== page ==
In our Pre-First classes, we’re reflecting on how much academic, personal, and social growth the students have experienced this year. The students are proud of their work — especially learning how to read and write! And they should be proud! It’s nice to be proud of ourselves when we’ve reached a goal, accomplished a difficult task, or shown kindness toward others. There is a difference between being humbly proud of ourselves and bragging, and we’ve examined that distinction.

Check out these students’ proud accomplishments. Way to go, Pre-First!


Reading, writing, and problem solving


Being a good friend, loving my mom, and reading Pigeon books


Great athletic feats!


He’s proud of himself for: not to make a mess and to be nice and to be respectful and to be good and last to be a BFF…. but also, he learned to be helpful!


Someone loves to read…


This student is outwardly-focused (and knows that Ms. Strother loves great manners!)

Good sportsmanship in Pre-First

In our recent Pre-First classroom lessons, the students learned about and demonstrated good sportsmanship. We watched a short video/animated book on called “Howard B. Wigglebottom Learns about Sportsmanship” in which Howard initially displays terrible sportsmanship. He cheats in a card game, calls his teammates ugly names when they make mistakes, talks back to his soccer coach, and trips another runner in a relay. Yikes! Also, he thinks that winning is the most important part of the game. He’s dissatisfied with anything but a first place trophy. Howard’s negative attitude and behavior affects his teammates. The students and I agreed that we wouldn’t want to be on a team with a kid like Howard.

Howard’s soccer coach sits him out of the game, and Howard sees his teammates having a great time when he’s not playing. They treat everyone with respect, share the ball, and have fun. Finally, he realizes he has displayed bad sportsmanship and vows to turn things around. Coach allows him to rejoin the game, and Howard shares the ball and accepts the team’s second place trophy with a positive attitude. A happy ending!

After the video, we reviewed Howard’s tips for sportsmanship and what a good team player does.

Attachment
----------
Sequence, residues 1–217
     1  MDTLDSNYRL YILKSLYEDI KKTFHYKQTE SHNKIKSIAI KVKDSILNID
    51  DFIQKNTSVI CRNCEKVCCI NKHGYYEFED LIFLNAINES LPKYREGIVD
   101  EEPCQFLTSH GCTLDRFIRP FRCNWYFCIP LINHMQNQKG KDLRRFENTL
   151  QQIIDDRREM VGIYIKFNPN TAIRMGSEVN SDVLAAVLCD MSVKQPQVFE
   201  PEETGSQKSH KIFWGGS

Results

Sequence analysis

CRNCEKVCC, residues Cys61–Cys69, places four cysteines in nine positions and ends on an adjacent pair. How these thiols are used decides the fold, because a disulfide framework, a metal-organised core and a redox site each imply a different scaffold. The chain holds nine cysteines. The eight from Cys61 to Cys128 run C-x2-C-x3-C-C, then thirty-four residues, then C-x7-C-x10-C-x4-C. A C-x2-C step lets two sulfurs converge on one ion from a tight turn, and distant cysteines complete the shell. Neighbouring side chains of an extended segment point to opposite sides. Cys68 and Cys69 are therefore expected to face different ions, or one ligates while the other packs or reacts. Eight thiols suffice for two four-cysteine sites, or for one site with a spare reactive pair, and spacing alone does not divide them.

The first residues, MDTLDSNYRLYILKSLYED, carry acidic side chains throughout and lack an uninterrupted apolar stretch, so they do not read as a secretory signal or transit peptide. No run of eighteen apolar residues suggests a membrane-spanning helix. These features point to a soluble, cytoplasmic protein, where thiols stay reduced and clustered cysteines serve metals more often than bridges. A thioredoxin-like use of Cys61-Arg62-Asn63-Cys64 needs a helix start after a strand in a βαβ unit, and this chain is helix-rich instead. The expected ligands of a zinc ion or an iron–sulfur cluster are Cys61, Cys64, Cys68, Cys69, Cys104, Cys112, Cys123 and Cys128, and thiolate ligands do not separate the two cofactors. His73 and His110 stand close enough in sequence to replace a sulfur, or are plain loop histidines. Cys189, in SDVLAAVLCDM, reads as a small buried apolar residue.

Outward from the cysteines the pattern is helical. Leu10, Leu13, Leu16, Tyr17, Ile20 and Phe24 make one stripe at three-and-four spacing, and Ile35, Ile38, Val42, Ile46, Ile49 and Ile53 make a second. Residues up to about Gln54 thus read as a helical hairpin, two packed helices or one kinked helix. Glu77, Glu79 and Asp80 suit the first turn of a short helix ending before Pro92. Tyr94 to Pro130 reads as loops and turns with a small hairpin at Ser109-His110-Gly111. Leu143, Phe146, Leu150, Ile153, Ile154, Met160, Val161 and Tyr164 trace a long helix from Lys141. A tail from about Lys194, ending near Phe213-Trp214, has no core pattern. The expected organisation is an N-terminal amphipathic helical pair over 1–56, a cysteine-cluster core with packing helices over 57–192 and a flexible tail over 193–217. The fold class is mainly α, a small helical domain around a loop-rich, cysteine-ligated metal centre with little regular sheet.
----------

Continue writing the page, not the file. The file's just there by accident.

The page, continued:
What does a good team player do?

To put their sportsmanship skills into action, students engaged in games during a follow-up lesson. Some of the games we played were horseshoes, block tower building, and ball relays. Students also practiced high-fiving opposing teams. For some students, it was challenging to discern how much to cheer for their own team before it sounded like bragging. “We shouldn’t say our team is the best,” offered one Pre-First girl, “because then how would the other team feel?” Sportsmanship and empathy at work!

horseshoe measuring in prefirst for sportsmanship

Green team won this round by .25″!

horseshoe action shot for prefirst sportsmanship

Red team action shot

It's a true ringer for the Green team!

It’s a true ringer for the Green team!

serious teamwork

serious teamwork

Our block tower falling down -- let's build it again quickly!

Our block tower is falling down — let’s build it again quickly!

sportsmanship high fives in prefirst

High-fiving the other team — great job, everyone!

Hey Little Ant in Pre-First

In our recent Pre-First lessons, we read Hey Little Ant by Phillip and Hannah Hoose, a father-daughter team. (Hannah was just nine years old when she and her dad wrote the book!) After raising topics such as empathy, point of view, and peer pressure through fun, rhyming lyrics, the book ends with a question: “What do you think the kid should do?” Pre-First students wrote and illustrated their own endings to the story. What did they think should happen at the end? Should the ant get squished? Should the ant go free? What if the kid were in the ant’s shoes… what would the kid want the ant to do? Students were free to write the endings they wished. Some chose an ending in which the ant would be squished; most chose endings in which the ant lived to see another day. See below for diverse endings from Mrs. Dick and Mrs. Widness’ class!